A contractor friend of mine called me up the other day, frantic about something he’d received from a debt collection agency. He had never gotten a 1099-C before, and the instructions said he was going to have to REPORT nearly $50,000 extra in taxable income on this year’s tax return for something that happened 20 years ago. He called me because I’m his realtor and the debt involved a home he had owned with his ex-wife.
This topic gets pretty complicated, and could raise your blood pressure. If you stop reading here, however, just take these few points away with you:
- If you receive a 1099-C, you need to file an IRS Form 982.
- There are some exceptions where the forgiven debt is non-taxable.
- If you or someone you know is currently facing bankruptcy or foreclosure, that may not be the kind of relief you think it is. Try to avoid foreclosure. There are other options for you (like letting Hermit Haus Redevelopment, LLC help).
Lenders who forgive a debt of at least $600 must send a 1099-C to the debtor by January 31 following the year in which the forgiveness occurred. The amount of debt cancellation appears in Box 2 of Form 1099-C. If the amount is indeed taxable income, it must be reported on the income tax return filed for that year.
Qualified Principal Residence Indebtedness
You can exclude canceled debt from income if it is qualified principal residence indebtedness. Qualified principal residence indebtedness is any mortgage you took out to buy, build, or substantially improve your main home. It also must be secured by your main home. Qualified principal residence indebtedness also includes any debt secured by your main home that you used to refinance a mortgage you took out to buy, build, or substantially improve your main home, but only up to the amount of the old mortgage principal just before the refinancing.
How to report the qualified principal residence indebtedness exclusion. To show that all or part of your canceled debt is excluded from income because it is qualified principal residence indebtedness, attach Form 982 to your federal income tax return and check the box on line 1e. On line 2 of Form 982.
The Deal with Collection Agencies
It seems that some debt collection companies purchase old debts, mark them up with incredibly high penalties and fees, then “forgive” them and write them off as tax losses and send the debtors 1099-C forms—which means you have to pay taxes on the forgiven amount.
Now, years later, your financial situation may have changed for the better. You might have to pay income tax on the forgiven debt just as if you had “earned” the forgiven debt as income this year.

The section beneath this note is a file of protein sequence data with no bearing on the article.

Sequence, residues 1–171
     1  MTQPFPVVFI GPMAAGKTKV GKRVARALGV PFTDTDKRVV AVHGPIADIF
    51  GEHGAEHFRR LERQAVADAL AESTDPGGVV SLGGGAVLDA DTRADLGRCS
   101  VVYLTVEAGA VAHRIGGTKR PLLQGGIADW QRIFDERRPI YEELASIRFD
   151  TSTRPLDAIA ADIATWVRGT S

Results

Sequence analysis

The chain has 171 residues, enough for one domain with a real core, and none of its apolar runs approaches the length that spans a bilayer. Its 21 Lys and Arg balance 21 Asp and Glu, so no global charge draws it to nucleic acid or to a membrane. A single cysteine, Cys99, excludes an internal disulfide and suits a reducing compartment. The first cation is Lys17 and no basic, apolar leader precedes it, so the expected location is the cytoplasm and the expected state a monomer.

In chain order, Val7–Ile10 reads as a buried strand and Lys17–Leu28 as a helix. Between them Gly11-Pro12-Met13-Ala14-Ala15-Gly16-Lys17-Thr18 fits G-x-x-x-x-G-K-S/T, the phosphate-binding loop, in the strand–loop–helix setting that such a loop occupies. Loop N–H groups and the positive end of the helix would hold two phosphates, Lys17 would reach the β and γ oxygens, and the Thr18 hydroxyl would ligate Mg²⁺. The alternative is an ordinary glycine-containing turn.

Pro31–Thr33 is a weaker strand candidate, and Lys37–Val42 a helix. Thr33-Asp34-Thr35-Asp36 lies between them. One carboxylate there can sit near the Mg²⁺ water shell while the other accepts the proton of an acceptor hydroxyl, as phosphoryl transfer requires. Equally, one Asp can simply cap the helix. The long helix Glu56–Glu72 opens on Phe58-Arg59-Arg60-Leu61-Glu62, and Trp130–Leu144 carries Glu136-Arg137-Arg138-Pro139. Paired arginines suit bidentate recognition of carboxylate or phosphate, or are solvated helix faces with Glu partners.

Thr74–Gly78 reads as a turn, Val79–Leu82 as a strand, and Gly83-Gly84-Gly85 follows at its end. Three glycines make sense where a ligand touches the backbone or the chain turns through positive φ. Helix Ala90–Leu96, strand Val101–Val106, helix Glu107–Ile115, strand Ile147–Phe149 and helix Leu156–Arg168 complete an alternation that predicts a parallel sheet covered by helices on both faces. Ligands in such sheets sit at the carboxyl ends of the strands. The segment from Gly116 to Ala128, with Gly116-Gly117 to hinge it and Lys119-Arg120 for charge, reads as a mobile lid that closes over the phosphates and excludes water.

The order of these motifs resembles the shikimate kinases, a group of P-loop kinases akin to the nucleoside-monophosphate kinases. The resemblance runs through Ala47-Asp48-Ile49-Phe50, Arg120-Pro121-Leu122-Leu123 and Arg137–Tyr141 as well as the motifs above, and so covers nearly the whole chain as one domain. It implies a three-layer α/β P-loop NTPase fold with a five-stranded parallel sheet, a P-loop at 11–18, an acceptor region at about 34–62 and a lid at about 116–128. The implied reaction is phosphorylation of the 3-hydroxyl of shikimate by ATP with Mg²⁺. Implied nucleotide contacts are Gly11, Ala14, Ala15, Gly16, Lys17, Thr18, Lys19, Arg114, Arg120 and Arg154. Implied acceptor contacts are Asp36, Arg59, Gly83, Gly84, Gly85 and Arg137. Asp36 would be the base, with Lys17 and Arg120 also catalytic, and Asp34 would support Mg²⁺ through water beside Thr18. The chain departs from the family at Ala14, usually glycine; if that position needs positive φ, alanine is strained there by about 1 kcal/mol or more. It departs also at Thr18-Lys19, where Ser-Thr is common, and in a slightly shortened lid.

The new creditor (the collection agency) has to have engaged in significant, bona fide collection activity at any time during the 12-month period ending at the close of the calendar year. Robo-dialing and automated mailing don’t constitute “significant, bona fide collection activity” for this purpose.
Some Considerations for Disputes
How do you know what the collection agency actually paid for the debt? They’ve paid pennies on the dollar for this debt. They’ve made money. How is the “forgiven amount” calculated? Do you use the original amount of the debt with the creditor or what the collection agency paid for it? With the horrendous shape the collection agencies records typically are, it would be tough for them to prove ANY relationship between themselves and the original creditor.
The IRS has a process in place for dealing with this situation. Ironically, they don’t provide this form on their website. To deal with this errant 1099-C, consumers should:
- Call the IRS (1-800-829-1040 ) and have an IRS representative initiate a Form 1099 complaint.
- The IRS will fill out form 4598, “Form W-2, 1098, or 1099 Not Received, Incorrect or Lost.”
Here’s My Question:
Every state has its own statute of limitations that determines when you can no longer be sued for old debt; however, the FTC says that doesn’t prevent collection agencies from attempting to collect time-barred debt provided they don’t harass you or engage in anything illegal. Collection companies aren’t allowed to collect more than the original debt, “unless your state law permits such a charge.” Debt included in a bankruptcy can’t be collected at all.
Does anyone know the laws in Texas regarding this specific activity?
For further reference: